How Do SNNs Work?

Because SNNs incorporate amplitude (signal strength) and time into their model, they’re uniquely positioned to handle tasks requiring real-time processing. Indeed, because SNNs are inherently event-driven, they process information only when a spike occurs – the same way our brains conserve energy. 

In an SNN, neurons fire or spike when the input they receive exceeds a certain threshold, and these spikes propagate through the network. The precise timing of when these spikes occur relative to each other is also a source of information for an SNN model. SNNs use optimizers and special loss functions, such as spike-timing-dependent plasticity, which makes these models structurally well-suited to real-time tasks. 

Unlike other AI systems, however, SNNs perform best when paired with a particular type of computing hardware. Neuromorphic chips also attempt to mimic the way the brain processes information.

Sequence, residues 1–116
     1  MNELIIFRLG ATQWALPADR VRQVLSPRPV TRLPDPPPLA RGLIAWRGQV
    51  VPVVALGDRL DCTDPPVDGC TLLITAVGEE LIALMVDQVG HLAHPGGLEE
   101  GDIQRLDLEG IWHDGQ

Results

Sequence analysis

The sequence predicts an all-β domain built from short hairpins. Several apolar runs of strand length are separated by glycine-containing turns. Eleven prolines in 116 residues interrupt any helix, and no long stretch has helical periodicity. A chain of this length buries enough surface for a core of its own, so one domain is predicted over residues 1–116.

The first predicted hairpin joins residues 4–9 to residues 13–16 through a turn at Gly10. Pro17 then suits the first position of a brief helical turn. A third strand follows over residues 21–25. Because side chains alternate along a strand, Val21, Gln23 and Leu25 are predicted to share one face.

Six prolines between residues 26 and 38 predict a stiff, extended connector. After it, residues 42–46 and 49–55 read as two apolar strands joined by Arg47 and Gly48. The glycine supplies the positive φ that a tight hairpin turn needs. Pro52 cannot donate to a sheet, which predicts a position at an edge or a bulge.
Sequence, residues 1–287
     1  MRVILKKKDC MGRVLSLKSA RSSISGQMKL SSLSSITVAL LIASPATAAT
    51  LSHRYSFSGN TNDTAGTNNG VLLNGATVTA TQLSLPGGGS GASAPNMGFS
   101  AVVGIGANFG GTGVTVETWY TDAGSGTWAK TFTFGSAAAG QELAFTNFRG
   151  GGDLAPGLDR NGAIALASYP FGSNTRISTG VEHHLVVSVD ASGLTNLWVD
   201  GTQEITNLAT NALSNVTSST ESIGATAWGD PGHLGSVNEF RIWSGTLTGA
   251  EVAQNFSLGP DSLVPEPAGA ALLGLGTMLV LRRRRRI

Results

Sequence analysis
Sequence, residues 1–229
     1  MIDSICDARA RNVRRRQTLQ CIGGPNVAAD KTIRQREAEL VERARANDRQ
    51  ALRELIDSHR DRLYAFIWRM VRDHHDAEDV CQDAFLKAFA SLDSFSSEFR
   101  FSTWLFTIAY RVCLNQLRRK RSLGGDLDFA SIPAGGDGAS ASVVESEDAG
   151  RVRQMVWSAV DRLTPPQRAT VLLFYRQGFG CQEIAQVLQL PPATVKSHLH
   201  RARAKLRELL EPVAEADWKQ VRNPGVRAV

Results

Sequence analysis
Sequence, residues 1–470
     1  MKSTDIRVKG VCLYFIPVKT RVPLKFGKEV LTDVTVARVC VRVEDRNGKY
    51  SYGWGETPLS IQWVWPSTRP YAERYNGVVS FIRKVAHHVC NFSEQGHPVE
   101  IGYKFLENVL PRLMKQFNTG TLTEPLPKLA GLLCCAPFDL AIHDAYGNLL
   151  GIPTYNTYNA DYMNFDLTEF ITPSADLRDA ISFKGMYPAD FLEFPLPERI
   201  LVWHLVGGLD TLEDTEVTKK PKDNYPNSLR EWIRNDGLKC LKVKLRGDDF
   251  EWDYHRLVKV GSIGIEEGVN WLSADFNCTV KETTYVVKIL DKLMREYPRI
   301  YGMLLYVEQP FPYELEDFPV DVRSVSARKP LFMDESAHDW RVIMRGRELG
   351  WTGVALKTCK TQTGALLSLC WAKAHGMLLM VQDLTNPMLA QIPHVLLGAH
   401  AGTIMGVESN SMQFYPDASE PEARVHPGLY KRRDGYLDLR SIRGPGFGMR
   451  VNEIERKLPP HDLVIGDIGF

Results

That means neuromorphic hardware is ideally suited for SNNs in applications that require real-time processing and energy efficiency, such as autonomous vehicles and robotics.  

Many observers have noted that SNNs combined with neuromorphic hardware have the potential to revolutionize AI and ML because of this computational efficiency, which emulates efficiencies developed over thousands of years of human evolution. Working SNN models include the Leaky Integrate-and-Fire (LIF) and Izhikevich models. 

What is the Value of SNNs?